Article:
Bishop Burnet's History of His Own Time: From the Restoration of King Charles the Second to the Treaty of Peace at Utrecht, in the Reign of Queen Anne, 1. kötet
William S. Orr & Company, 1850 - 949 oldal
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affairs afterwards answer appeared army asked authority believed bishops bring brought called carried charge Charles chief church Clarendon commons concerned considered continued council court Cromwell death desired died duke earl effect enemies engaged England execution favour followed force France French friends gave give given hands hoped intended interest judge king king's knew laid Lauderdale letter lived London looked lord managed matter means mind ministers nature never observed occasion offered once opinion parliament particular party passed person present pressed pretended prince promised protestant queen raised reason received relation religion resolved Scotland Second secret seemed sent serve soon suffered taken temper thing thought told took true trusted turned whole witnesses wrote
34. oldal - A man so various that he seemed to be Not one, but all mankind's epitome : Stiff in opinions, always in the wrong, Was everything by starts and nothing long ; But in the course of one revolving moon Was chymist, fiddler, statesman, and buffoon ; Then all for women, painting, rhyming, drinking, Besides ten thousand freaks that died in thinking.
34. oldal - ... In the worst inn's worst room, with mat half-huiig The floors of plaster, and the walls of dung. On once a flock-bed, but repair'd with straw, With tape-tied curtains, never meant to draw, The George and Garter dangling from that bed Where tawdry yellow strove with dirty red. Great Villiers lies — alas, how chang'd from him That life of pleasure, and that soul of whim .' Gallant and gay, in Cliveden's proud alcove, The bower of wanton Shrewsbury and Love Or juit a* gay, at council, in a ring...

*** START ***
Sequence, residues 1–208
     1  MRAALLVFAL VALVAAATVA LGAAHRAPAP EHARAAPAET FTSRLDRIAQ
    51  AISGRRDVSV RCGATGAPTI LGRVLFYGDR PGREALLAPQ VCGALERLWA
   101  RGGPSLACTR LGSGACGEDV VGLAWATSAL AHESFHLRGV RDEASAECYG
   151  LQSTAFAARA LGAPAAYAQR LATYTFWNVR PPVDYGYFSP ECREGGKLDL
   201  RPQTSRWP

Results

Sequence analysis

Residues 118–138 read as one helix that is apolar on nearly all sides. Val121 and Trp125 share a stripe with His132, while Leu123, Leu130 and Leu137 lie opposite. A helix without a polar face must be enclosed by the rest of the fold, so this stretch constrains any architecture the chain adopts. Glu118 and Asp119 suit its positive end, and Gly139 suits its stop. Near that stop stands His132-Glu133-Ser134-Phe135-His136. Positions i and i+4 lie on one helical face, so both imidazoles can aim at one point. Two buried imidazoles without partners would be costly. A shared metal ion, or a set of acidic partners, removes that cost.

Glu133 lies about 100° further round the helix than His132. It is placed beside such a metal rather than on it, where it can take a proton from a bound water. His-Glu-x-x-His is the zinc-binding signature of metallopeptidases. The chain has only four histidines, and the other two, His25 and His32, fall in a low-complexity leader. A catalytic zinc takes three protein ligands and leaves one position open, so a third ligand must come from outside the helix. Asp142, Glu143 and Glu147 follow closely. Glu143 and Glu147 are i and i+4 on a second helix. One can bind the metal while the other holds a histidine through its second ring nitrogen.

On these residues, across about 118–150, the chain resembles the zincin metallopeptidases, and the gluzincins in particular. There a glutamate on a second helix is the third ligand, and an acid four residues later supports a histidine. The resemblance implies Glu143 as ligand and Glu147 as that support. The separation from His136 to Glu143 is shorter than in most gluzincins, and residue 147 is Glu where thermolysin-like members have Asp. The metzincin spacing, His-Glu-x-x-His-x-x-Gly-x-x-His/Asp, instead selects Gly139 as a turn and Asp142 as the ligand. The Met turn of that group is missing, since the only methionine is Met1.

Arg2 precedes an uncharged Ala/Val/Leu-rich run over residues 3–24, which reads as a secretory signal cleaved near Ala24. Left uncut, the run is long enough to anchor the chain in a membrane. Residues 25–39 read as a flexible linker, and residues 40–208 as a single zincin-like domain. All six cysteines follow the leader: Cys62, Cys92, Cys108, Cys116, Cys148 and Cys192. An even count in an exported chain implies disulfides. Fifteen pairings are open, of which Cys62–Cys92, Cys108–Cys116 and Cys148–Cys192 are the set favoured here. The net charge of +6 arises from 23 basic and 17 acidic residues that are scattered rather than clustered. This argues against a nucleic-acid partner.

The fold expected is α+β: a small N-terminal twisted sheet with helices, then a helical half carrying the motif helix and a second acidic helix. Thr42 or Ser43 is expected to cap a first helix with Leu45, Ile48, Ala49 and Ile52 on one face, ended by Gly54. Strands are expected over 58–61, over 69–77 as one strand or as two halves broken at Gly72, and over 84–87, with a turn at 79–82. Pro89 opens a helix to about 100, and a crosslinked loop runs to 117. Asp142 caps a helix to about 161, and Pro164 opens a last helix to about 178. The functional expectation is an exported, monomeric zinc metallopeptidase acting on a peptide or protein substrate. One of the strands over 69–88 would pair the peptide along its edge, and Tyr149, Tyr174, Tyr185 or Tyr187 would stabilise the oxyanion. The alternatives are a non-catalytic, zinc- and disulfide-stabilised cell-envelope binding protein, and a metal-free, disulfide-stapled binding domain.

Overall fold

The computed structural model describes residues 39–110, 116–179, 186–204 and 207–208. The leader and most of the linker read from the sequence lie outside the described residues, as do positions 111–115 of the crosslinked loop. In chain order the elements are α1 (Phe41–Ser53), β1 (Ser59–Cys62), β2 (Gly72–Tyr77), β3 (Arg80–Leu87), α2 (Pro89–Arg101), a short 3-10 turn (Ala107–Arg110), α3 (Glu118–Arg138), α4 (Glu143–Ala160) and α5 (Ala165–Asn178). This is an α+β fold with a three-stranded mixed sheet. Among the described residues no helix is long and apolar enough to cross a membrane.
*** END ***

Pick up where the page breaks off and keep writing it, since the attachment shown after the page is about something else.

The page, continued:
381. oldal - He used often to say, that, if he were to choose a place to die in, it should be an inn : it looking like a pilgrim's going home, to whom this world was all as an inn, and who was weary of the noise and confusion in it.
471. oldal - ... the beginning of your Majesty's reign ; and is a matter of so great moment and consequence to the whole nation, both in church and state, that your petitioners cannot in prudence, honour, or conscience so far make themselves parties to it, as the distribution of it all over the nation, and the solemn publication of it once and again, even in God's house and in the time of his divine service, must amount to .in common and reasonable construction.
34. oldal - He laughed himself from court; then sought relief By forming parties, but could ne'er be chief : For, spite of him, the weight of business fell On Absalom and wise Achitophel: Thus, wicked but in will, of means bereft, He left not faction, but of that was left.
197. oldal - We were indeed amazed to see a poor commonalty so capable to argue upon points of government, and on the bounds to be set to the power of princes in matters of religion : upon all these topics they had texts of scripture at hand ; and were ready with their answers to any thing that was said to them. This measure of knowledge was spread even among the meanest of them, their cottagers, and their servants.
160. oldal - Farewell, sun, moon, and stars ; farewell, world and time ; farewell, weak and frail body : welcome, eternity ; welcome, angels and saints ; welcome, Saviour of the world ; and welcome, God, the judge of all...
160. oldal - So he was put to the torture, which in Scotland they call the boots; for they put a pair of iron boots close on the leg, and drive wedges between these and the leg. The common torture was only to drive these in the calf of the leg: but I have been told they were sometimes driven upon the shin bone.
36. oldal - White, did come seasonably in, and at the push of pike did repel the stoutest regiment the enemy had there, merely with the courage the Lord was pleased to give. Which proved a great amazement to the residue of their foot, this being the first action between the foot.